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  1. #1
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    CA - Bertha Anderson, 68, & Lisa Nave, 58, die in 'mercy killing', 11 Dec 2013

    Tears were shed and nerves were frayed Wednesday at the North Hills convalescent hospital where a man allegedly shot his near-comatose sister after killing his wife in their Canyon Country home.

    Police said the man walked into Country Villa Sheraton Nursing Rehabilitation Hospital in the 9600 block of Sepulveda Boulevard about 10 a.m. and "shot his sister once in the head."

    The sister had been in a vegetative state for five years after suffering a heart attack, officials added.

    During an investigation, detectives learned that the man shot and killed his wife, who suffered from dementia, in Canyon Country before coming to the hospital.


    http://www.latimes.com/local/lanow/l...#ixzz2nHPltJBE
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  2. #2
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    This is so sad. He reportedly was very devoted to his wife and seemed to care deeply according those who saw him interact with her. I can only image that he was overwhelmed being responsible for watching the deterioration of his wife after five years of watching his sister in vegetative state.

    I think he felt he was doing them a mercy. I feel badly for him that he was apparently in the role of caregiver/decision maker for both wife and sister with such complicated medical issues. That is a heavy burden.

    I also wonder if he had medical issues of his own that caused him to think he might not be there much longer to fill that role for his wife and sister.

    Anderson, 60, and his wife, Maxine, move into their Canyon Country apartment complex six months ago. Neighbors say he was caring and loving to his wife.
    “He was very dainty with her. You see him caressing her hand,” said Grace Madrigal.

    “He was caressing her like she was a jewel, you could tell that's how he treated her.”

    Madrigal said it was clear his wife was ill but he never offered details. She said he once mentioned that he had another sick relative and that caring for both of them appeared to taking a toll on him.

    http://www.latimes.com/local/lanow/l...#ixzz2nHa9qFmw

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  3. #3
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    Double mercy killing? LA police probe shootings at nursing home, house

    A California man is in custody after two suspected mercy killings — the shooting of his wife at home, followed by his sister at a nursing facility, police said.
    Cops were called to the Country Villa Sheraton Nursing Home in Los Angeles on Wednesday morning to investigate a report of a shooting.

    When they arrived, they found 58-year-old invalid Lisa Nave dead in her bed of a gunshot to the head, with a derringer-style revolver on the table next to her, and her 60-year-old brother, Lance Holger Anderson, waiting for them on the patio.

    "He gave up without any problems at all," said LAPD Lt. Paul Vernon, adding that no one else at the nursing home was threatened or hurt.

    full article and video at link ................ http://usnews.nbcnews.com/_news/2013...ing-home-house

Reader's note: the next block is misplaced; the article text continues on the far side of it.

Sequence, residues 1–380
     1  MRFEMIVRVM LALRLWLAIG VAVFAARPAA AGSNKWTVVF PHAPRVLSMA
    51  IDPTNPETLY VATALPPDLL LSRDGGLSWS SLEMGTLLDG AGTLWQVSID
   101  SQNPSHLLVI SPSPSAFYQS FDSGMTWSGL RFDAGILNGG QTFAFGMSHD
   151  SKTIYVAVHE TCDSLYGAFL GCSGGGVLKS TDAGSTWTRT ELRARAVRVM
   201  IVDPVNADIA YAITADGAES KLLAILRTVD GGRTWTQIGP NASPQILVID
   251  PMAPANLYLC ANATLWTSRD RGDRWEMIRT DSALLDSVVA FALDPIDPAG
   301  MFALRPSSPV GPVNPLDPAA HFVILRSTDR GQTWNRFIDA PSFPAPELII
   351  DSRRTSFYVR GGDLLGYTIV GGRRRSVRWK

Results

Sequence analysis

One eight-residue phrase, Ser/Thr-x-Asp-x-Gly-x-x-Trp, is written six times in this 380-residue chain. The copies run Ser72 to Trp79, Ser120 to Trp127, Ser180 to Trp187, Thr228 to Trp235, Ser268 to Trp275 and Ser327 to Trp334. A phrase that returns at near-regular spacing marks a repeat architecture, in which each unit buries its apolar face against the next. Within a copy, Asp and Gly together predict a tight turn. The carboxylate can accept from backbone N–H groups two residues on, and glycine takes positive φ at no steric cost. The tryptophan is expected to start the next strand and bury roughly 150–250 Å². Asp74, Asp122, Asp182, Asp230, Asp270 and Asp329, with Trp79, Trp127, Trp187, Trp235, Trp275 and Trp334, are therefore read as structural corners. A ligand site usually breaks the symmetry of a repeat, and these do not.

4. #4
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    Having taken care of someone with dementia, that is an overwhelming task in itself, especially if you have no help at all.

    The very wealthy can hire help, the very poor much of the time qualify for some help in the home through Medicaid, but people in between often have no assistance at all. Shoot, I couldn't even get my brothers to watch my mother if I had to go to the doctor (so I didn't go). And she couldn't be left alone at all.

    I even hated putting this in the "crime" section, I mean it's obvious this man was in his own mind putting everyone out of their misery and I also wonder if he had a terminal illness and was afraid nobody would be there to advocate for his wife and his sister after he was gone.

    This is going to be more and more of a problem. The decision to place my mother came for me when I had the fleeting thought that both of us would be better off dead. That scared me and it was then I knew that as much as I wanted to keep her at home, without any help I couldn't.
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  5. #5
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    Agree with you michmi, it's a horrible thing to do but I think all the stress just got to be too much for him, esp. if he also has health problems.


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  6. #6
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    What a sad event. The poor man must have felt so overwhelmed and grief-stricken, and exhausted beyond description.
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  7. #7
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    I hope he's on suicide watch.


    fran

  8. #8
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    Angry

    Quote Originally Posted by tlcya View Post
    This is so sad. He reportedly was very devoted to his wife and seemed to care deeply according those who saw him interact with her. I can only image that he was overwhelmed being responsible for watching the deterioration of his wife after five years of watching his sister in vegetative state.

    I think he felt he was doing them a mercy. I feel badly for him that he was apparently in the role of caregiver/decision maker for both wife and sister with such complicated medical issues. That is a heavy burden.